During the reign of the Tokugawa Shogunate (1600-1868) around 200 different schools of martial arts were known to the military government, and amongst these schools were some very talented martial artists. This naturally led to a revival of Dojo Yaburi, but during the Edo period, only certain types of contest could take place and these had to occur at specific times and places laid down by the Bakufu. Dojo Yaburi became a fashionable thing to undertake and often Sensei would encourage their students to take part. However, even during these relatively peaceful times in Japan's history, it was not uncommon for fights to be fixed or for bribes to change hands. During the 1800's the Martial Arts in Japan began to lose much of their militaristic tendencies and started to become more akin to what we associate as Martial Arts today. Consequently, Dojo Yaburi took on a somewhat different nature. The practice of Fencing was no longer a refuge of the Samurai Classes, and ordinary people began to study it as self defence.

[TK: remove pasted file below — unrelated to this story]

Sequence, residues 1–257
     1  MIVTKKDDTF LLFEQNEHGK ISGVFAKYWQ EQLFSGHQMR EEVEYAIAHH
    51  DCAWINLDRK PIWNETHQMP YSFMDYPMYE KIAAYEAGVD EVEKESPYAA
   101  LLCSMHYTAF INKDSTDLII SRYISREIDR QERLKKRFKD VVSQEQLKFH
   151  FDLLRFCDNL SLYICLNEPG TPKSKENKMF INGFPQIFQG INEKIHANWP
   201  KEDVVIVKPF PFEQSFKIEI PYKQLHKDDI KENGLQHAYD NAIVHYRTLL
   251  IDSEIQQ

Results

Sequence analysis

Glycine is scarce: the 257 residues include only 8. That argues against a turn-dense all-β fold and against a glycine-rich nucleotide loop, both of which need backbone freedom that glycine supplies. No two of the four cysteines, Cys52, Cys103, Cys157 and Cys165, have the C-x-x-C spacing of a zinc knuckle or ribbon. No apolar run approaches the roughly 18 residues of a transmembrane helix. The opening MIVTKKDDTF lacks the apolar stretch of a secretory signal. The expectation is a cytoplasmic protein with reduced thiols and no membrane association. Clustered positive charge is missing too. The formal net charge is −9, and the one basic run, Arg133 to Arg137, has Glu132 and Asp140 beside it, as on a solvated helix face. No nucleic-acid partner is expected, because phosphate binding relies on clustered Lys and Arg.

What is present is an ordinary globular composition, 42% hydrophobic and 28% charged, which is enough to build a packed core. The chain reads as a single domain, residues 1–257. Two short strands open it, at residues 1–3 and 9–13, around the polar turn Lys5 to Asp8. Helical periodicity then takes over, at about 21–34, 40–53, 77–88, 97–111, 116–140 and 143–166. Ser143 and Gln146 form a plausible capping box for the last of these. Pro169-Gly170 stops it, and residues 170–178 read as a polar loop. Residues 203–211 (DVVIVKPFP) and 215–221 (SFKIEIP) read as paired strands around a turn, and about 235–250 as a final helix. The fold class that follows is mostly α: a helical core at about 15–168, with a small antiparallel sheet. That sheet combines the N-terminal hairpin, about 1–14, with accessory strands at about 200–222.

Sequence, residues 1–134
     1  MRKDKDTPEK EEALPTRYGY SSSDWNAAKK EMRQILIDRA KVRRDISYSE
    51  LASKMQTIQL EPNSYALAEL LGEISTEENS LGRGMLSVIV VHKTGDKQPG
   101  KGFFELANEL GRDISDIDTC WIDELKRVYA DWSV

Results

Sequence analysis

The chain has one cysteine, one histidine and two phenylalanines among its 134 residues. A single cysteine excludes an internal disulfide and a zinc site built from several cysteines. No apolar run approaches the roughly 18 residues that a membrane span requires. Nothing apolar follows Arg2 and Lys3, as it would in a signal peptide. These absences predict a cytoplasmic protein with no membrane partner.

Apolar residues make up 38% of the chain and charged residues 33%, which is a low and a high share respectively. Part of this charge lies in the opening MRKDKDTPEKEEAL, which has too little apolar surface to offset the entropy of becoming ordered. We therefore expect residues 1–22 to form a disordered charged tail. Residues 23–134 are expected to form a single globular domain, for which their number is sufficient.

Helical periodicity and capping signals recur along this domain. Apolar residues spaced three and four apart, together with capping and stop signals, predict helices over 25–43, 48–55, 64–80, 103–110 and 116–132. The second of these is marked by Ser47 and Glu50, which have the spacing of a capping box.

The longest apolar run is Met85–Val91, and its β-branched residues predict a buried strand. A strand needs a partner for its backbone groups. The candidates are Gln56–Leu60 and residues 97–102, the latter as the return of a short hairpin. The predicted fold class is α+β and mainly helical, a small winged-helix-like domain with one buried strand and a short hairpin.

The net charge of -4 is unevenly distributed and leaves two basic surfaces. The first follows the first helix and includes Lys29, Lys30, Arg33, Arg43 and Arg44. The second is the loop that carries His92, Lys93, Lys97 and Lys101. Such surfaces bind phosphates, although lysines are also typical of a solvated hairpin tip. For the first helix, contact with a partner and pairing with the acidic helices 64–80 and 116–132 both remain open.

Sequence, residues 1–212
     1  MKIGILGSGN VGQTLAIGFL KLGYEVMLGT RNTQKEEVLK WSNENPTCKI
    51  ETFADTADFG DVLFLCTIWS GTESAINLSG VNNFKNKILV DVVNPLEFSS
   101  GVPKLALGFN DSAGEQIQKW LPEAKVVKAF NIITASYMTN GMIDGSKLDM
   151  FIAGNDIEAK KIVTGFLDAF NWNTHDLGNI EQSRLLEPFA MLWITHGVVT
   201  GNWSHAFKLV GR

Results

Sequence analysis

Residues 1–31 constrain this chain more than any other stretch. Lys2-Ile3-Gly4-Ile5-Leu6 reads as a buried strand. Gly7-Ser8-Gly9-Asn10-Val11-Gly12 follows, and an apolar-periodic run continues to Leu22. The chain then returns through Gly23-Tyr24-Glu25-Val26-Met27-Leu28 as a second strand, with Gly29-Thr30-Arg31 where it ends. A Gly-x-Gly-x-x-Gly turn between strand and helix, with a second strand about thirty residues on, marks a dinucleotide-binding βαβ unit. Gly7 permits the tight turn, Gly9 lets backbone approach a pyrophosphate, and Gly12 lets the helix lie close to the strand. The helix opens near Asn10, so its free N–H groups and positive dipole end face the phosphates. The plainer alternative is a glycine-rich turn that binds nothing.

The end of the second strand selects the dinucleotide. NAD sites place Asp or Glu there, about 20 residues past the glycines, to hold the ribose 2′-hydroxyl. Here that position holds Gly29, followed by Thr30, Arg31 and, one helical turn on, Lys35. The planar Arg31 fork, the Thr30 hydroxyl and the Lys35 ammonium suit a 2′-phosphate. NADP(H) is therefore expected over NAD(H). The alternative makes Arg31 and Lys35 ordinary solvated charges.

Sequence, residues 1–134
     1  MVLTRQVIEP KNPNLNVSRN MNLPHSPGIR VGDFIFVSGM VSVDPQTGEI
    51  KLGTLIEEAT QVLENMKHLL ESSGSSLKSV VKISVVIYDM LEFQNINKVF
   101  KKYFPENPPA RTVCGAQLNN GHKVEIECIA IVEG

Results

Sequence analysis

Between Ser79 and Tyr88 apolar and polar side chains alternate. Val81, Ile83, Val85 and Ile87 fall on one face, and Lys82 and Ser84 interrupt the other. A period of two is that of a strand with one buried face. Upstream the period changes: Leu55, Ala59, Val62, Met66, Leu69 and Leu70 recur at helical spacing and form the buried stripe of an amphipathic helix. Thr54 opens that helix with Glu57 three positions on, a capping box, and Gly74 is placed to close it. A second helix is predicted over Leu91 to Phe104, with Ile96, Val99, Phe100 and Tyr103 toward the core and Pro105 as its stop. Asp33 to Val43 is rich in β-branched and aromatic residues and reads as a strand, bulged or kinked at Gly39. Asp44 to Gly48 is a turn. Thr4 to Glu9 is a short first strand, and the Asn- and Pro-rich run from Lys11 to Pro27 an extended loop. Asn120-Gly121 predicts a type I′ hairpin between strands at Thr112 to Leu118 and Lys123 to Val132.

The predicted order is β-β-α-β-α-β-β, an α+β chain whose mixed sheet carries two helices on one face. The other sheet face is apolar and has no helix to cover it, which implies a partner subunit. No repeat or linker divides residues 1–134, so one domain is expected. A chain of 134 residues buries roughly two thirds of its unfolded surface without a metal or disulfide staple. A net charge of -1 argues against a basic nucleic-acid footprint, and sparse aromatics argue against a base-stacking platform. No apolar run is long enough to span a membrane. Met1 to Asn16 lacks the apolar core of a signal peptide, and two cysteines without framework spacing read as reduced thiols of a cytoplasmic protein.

In addition to contests between individuals from two different dojo, the 1800's saw the arrival of some large-scale fencing tournaments which took place between rival dojo. One of the most memorable gatherings of this type took place at the Kaibashi Estate in old Edo (Tokyo) in 1857. Martial Artists from many schools came together to test their skills. However, it must be noted that a vast majority of the contestants were made up of the Shishi. These were young stalwart men who were intensely loyal to the Emperor and who in a few short years would help to overthrow the Tokugawa regime and restore the Emperor to power. The contests at the gathering were indeed between famous Kenjutsuka from all over the country but the literature from the contests proclaimed otherwise. Some hold the theory that the gathering was a cover to enable the Shishi to hold secret talks and planning sessions in preparing for the overthrow of the Shogunate.